My visit to May Park School

Nature, Workshop

Recently, I got the opportunity to take a trip to May Park Primary School in Easton with a member of the Arnolfini. The whole school is having a lot of building work done, and as part of it, the Arnolfini has commissioned Exzyt to create an Art feature entitled “The Hide” to sit in a woodland clearing on the grounds.
The whole project is remarkable. The idea that this primary school had what was basically its own forest was amazing. It was something I never got to experience as a child, and I just wanted to join in with the kids playing in the forest and making dens!
But the most exciting thing about this space is the project they are doing with it. Along with the Arnolfini, Exyzt has designed a small, timber, sculptural building to sit in a clearing. This structure has been designed to resemble a “boulder” or “hazelnut” that fits perfectly with its surroundings. It’s got a range of features that allow the children to really connect with the wood such as panels where the children can look out onto the wildlife (including an area where a badger has made their home!). It’s a really interesting project that I can’t wait to see completed.


During my visit, I got to sit in with a class as they participated in a workshop about the new sculpture. Exyzt explained that the structure is based on a “zome” – the repetition of a geometric form in a double helix pattern. This is a feature that crops up everywhere in nature, ranging from leaves on flowers to the shapes on cauliflower! They showed how the idea of using a sequence of shapes over and over can create different and more complex structures.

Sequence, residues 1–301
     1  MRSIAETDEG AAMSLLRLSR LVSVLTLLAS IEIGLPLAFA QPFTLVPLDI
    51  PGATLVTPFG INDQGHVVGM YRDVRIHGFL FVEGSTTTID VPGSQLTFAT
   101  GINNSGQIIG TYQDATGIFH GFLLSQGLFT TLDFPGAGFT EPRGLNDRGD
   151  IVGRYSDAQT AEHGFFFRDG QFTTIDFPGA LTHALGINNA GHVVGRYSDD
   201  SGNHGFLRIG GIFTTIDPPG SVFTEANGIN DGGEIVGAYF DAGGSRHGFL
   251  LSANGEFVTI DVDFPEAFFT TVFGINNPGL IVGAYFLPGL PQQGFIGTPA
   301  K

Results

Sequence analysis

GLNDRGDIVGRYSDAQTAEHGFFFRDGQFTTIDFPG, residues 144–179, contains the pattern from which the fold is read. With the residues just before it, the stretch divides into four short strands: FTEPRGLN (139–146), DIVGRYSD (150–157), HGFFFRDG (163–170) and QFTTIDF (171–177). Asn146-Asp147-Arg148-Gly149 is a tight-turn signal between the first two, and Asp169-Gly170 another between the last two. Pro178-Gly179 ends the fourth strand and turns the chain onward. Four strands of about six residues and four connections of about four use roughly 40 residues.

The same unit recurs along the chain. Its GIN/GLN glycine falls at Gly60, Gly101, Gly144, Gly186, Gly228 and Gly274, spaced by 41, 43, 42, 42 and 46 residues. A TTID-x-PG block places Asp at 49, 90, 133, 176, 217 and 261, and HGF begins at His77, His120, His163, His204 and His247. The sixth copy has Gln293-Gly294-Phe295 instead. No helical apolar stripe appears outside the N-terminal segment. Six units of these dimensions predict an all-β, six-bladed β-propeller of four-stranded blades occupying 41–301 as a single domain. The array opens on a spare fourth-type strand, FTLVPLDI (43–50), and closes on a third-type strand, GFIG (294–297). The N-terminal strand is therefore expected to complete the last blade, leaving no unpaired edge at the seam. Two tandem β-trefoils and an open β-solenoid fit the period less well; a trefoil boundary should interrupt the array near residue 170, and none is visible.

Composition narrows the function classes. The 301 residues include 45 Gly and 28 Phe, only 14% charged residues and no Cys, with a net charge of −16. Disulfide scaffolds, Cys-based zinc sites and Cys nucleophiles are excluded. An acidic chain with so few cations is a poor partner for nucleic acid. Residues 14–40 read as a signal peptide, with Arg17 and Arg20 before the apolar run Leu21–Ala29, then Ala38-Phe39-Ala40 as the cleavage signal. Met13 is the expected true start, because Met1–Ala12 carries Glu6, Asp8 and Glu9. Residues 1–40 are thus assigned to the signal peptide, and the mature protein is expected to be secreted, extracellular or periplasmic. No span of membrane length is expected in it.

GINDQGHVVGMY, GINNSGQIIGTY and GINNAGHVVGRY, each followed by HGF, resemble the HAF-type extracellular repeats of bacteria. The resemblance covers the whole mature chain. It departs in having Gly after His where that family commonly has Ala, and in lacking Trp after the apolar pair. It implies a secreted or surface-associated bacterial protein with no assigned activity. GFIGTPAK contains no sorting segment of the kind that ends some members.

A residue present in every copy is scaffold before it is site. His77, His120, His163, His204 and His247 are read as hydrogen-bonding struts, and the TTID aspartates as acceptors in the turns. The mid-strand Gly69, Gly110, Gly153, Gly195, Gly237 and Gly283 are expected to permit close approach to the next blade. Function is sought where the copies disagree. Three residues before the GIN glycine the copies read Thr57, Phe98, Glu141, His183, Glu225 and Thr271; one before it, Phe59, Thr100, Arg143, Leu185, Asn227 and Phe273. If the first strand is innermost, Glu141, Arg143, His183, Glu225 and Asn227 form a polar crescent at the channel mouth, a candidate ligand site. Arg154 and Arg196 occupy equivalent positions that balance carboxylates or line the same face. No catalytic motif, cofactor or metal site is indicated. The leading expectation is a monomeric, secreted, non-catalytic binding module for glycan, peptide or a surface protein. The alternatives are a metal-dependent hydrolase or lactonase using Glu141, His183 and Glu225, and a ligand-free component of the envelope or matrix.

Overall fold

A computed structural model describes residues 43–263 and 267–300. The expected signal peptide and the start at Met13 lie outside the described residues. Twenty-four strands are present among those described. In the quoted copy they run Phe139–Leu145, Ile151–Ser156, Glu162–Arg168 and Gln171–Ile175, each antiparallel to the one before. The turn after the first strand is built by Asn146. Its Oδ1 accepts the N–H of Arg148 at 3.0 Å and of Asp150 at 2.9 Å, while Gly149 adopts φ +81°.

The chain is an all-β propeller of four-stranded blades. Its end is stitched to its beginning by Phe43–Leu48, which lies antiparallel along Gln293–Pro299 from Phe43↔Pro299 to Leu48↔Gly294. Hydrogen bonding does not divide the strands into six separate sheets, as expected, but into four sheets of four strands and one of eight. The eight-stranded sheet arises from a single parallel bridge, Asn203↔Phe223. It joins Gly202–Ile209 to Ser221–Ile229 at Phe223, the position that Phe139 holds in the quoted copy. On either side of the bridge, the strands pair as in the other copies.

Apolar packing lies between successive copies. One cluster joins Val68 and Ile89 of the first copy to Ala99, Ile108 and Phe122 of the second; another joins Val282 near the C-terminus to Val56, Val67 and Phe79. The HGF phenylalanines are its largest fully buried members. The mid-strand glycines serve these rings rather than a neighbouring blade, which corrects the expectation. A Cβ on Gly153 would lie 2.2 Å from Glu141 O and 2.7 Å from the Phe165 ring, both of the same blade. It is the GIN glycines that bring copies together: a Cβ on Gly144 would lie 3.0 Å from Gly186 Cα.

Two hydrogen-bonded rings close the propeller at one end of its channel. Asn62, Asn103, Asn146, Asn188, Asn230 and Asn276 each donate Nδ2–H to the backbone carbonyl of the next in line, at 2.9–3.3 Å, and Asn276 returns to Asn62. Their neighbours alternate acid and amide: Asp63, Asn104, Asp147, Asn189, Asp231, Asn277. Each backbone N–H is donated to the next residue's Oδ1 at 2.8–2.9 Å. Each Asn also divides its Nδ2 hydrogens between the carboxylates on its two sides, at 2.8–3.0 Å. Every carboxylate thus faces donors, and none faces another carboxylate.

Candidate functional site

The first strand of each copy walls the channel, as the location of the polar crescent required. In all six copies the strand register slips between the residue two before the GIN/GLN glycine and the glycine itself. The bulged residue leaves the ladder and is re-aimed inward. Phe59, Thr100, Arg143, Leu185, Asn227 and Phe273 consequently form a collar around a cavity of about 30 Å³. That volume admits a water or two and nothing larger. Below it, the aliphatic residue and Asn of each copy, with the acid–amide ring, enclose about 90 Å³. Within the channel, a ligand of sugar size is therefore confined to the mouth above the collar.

Drawing examples from the gherkin in London, they showed the kids the different shapes they used to make The Hide, and introduced the idea of nets. They gave the class some sheets of paper with a net of the structure on. The children then got to make their own miniature paper version of it, and I was lucky enough to get to join in!

The whole project looks really interesting and talking to the children, they all seem to love it too! The little architect inside of me was really excited about the methods they are using to create it, and the ideas behind it. It’s made me think about how you can use different sequences of shapes to create these engaging structures seem to take on a completely different shape.

This post was featured in the third edition of Young Arnolfini’s Zine, with the theme “Sequential”. Check it out here

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